Read part one of this blog here.

Requirements for making public all standard charges for all items and services:

Hospitals must compile standard charges for all items and services offered by the hospital in an electronic file which needs to be displayed on the hospital’s website. The electronic file must include a description of each item or service, as well as the medical code(s) used for billing.

The electronic file must be open-access and free to use by the public without requiring any kind of submission of personal information or a password. The data in the file must be updated at least annually and clearly marked when the last update to the file occurred.

Requirements for displaying shoppable services:

Hospitals must make a public standard charge list for at least 300 shoppable services available in a consumer-friendly manner. Shoppable services can be defined as services that can be scheduled in advance by the healthcare consumer.This public standard charge list must include a description of each shoppable service that healthcare consumers would understand, an indicator when one or more of the CMS specified services are not offered, the location at which the shoppable service is provided, and if the standard charge for that particular service still applies at that location.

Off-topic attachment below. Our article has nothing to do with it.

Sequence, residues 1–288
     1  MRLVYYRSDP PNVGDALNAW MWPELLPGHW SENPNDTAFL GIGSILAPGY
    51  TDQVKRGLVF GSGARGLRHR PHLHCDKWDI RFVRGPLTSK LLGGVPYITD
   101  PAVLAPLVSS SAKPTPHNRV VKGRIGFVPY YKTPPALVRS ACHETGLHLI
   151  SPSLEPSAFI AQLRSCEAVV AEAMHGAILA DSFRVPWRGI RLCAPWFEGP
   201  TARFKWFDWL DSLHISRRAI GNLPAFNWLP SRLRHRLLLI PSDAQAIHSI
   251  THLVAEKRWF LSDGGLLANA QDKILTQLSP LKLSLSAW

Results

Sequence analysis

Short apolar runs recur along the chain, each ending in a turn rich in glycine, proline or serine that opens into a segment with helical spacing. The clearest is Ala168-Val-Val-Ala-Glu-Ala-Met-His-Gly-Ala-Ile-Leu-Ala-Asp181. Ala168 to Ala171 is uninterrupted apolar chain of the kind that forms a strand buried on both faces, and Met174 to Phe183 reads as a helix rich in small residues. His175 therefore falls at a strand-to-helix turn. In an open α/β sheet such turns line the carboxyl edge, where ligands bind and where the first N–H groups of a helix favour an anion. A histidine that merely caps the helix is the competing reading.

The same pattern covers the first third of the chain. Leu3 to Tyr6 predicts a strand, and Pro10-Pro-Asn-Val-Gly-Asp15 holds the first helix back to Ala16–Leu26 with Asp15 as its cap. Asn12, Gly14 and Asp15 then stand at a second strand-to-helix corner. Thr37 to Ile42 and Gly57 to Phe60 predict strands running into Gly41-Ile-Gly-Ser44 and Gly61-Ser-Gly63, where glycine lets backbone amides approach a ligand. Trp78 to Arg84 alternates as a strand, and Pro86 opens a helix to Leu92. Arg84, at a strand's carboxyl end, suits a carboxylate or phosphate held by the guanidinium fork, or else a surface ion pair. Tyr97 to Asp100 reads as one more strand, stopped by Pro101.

The list must also list the most common shoppable services based on billing rate or utilization. It must also include charges for services the hospitals customarily provides with the primary service with the common billing code. 

CMS will say a hospital has met these requirements if the hospital maintains an internet-based price estimator tool that meets the above requirements.

Monitoring and enforcement actions:

CMS will monitor hospital compliance by evaluating complaints made to CMS by individuals or entities. These complaints will be reviewed, and the offending hospital’s website will be audited.

The hospitals found to be noncompliant must submit or comply with the requirements of a corrective action plan or may be subject to a civil monetary penalty in excess of $300 per day. 

CMS says it will post the corrective action on its website, but there is an appeals process for hospitals.